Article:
Token rainbow? No, thanks

(Cover essay for The Week‘s special section 377 verdict issue.)

I AM GRATEFUL that our honourable Supreme Court judges fulfilled their promise to India’s queer citizens, albeit a long 71 years after independence. The euphoria that followed has also been interesting to watch. I am happy to see the spectrum of people who have spoken out in support of our country’s queer citizens through everything from newspapers to television channel shows. However, since I work in the corporate world, I must say that I was quite surprised by the silence of most of India’s business leaders. So many of them have LGBTQIA friends and family. Yet, hardly anyone commented publicly, even though they tweet on random issues. We, in the queer community, will remember all those who stood by us over the difficult past few years, and all those who did not.

In future, many companies will opportunistically seek to benefit from tapping into the queer community as LGBTQIA rights in India continue to advance. The queer community will remember their silence, at that time. Over the past few days, I have been particularly irked by all the brands coming up with cool rainbow Instagram campaigns. I have some questions for them. Can you please look and see if your HR policies are inclusive? Do you have non-discrimination, partnership benefits, and are you creating an internal culture of inclusion? Do you value your LGBTQIA customers? If not, then all the rainbow-themed shareables that you hope will go viral, are inauthentic, and the queer community sees it as that.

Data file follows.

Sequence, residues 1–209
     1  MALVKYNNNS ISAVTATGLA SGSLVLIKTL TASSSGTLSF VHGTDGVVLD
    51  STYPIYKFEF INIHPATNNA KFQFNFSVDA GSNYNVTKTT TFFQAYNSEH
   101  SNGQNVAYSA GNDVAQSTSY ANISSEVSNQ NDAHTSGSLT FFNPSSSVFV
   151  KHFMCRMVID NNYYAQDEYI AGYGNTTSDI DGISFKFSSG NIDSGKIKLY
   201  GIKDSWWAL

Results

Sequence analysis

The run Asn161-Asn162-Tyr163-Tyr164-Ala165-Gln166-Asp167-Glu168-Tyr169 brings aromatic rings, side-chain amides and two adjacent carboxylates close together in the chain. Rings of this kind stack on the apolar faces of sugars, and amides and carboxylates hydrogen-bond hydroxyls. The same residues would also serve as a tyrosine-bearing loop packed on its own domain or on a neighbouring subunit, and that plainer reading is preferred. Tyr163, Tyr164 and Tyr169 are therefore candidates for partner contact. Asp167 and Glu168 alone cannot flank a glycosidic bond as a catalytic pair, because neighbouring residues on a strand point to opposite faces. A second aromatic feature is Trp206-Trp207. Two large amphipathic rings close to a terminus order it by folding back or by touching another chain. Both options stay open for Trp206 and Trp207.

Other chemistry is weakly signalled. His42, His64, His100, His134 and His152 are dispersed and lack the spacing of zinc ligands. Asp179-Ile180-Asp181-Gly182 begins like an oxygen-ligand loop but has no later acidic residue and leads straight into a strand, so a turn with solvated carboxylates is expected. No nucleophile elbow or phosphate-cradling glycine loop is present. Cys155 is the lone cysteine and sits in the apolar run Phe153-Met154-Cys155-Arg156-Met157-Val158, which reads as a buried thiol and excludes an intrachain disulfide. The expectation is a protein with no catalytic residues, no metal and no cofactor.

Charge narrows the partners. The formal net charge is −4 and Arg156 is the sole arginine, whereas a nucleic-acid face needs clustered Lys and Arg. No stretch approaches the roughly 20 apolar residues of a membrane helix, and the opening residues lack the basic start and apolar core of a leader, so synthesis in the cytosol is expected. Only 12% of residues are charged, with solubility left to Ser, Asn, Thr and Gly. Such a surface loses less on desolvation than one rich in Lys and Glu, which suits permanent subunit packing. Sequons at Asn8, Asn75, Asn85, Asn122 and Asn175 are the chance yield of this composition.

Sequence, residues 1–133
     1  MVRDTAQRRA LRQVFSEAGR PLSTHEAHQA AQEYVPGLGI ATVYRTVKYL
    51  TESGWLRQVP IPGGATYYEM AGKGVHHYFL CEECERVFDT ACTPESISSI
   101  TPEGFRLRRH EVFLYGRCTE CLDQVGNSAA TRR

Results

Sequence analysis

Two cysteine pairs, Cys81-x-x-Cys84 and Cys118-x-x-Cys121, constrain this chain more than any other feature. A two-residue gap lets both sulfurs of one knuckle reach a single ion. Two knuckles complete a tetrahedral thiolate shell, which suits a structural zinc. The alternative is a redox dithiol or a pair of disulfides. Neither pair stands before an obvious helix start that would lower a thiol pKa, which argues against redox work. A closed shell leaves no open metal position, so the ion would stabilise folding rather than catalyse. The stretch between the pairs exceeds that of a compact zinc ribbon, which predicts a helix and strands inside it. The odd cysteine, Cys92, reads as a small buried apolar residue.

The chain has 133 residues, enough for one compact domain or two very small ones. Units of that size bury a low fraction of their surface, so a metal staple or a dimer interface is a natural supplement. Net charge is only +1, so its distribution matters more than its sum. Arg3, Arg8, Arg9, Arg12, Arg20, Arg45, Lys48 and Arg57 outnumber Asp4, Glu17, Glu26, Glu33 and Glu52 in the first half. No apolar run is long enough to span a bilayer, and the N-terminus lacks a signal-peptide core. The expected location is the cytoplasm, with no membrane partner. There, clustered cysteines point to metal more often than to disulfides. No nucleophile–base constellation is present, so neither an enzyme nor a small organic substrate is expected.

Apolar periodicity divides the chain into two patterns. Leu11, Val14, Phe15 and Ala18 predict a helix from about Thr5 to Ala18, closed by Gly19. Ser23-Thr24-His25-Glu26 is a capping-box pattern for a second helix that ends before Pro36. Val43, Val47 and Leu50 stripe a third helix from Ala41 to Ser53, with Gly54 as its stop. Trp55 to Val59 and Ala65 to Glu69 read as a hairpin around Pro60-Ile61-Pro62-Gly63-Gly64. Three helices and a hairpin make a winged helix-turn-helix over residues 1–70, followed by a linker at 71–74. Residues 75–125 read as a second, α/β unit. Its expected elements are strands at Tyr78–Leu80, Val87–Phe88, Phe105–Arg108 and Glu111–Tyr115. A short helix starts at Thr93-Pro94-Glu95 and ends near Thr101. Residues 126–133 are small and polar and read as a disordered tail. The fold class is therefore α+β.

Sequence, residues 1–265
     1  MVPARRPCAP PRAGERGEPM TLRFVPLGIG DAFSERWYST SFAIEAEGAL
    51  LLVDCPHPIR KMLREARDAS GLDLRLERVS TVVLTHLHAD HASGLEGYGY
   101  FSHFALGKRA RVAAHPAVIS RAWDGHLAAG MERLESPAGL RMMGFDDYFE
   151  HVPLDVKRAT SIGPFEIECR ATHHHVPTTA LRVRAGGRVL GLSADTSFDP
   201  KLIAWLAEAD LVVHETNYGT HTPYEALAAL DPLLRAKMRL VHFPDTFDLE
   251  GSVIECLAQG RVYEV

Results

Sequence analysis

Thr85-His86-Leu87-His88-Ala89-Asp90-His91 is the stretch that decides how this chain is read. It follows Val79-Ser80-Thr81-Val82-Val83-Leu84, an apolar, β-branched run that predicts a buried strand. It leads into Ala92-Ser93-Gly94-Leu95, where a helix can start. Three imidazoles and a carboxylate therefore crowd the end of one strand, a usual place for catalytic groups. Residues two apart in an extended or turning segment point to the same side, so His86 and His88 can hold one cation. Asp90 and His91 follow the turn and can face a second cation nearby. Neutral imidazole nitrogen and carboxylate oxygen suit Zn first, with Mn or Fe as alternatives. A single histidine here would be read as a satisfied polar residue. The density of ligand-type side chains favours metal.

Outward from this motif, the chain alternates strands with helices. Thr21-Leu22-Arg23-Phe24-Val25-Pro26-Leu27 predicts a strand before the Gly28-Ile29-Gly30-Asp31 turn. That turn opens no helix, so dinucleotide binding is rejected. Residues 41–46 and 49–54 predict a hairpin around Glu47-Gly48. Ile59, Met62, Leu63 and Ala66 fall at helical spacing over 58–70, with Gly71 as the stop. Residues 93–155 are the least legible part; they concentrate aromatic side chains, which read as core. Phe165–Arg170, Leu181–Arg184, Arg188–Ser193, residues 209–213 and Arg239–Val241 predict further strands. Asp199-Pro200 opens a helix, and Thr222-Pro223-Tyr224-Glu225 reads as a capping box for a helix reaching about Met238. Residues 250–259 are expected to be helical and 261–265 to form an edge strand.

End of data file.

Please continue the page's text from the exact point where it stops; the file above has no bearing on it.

My initial reaction to the branded rainbow posts by a whole bunch of companies was that of joy. But, this soon changed to irritation. There is a whole cake to be shared. Our community do not want crumbs any more. We want a large piece of the cake and why should not we?

I feel that this verdict gives corporate India a golden opportunity to truly reflect, and engage meaningfully with the queer population. They should be doing so primarily out of their values of equality and inclusion. But, if values are not enough, then there is data to show that focussing on LGBTQIA issues is good business sense. According to the often quoted 2016 World Bank report on the economic cost of stigma and the exclusion of LBGTQIA people, our country’s loss in GDP due to homophobia was valued at $32 billion, or 1.7 per cent of our GDP. There is a strong correlation between being inclusive towards the LGBTQIA community and being innovative and profitable.

The early adopters of inclusion in our country—Godrej, Tata, IBM, Infosys, Barclays and The Lalit Suri Hospitality group—are reaping wonderful rewards. They started their efforts way before the Supreme Court verdict, by working alongside each other and by following the UN global standards of LGBTQIA inclusion. I urge other Indian companies to join these companies and use this verdict as a springboard towards diversity and inclusion with regard to our country’s sexual minorities. To start, with please hire queer people. Transgender persons need jobs the most, and, I am excited to see how The Lalit Suri Hospitality group has employed 35 transgender employees in the past one year alone. The Kochi Metro story is also well-documented. We need many more efforts like these.

If you want to be an inclusive company, you need to do the hard work and create equal-work environments. Engage with the queer NGOs that exist in our country. Support queer community-building measures. All of this will mean much more than rainbow Insta pictures with your product in them. I can assure you that the benefits will be much more long-lasting.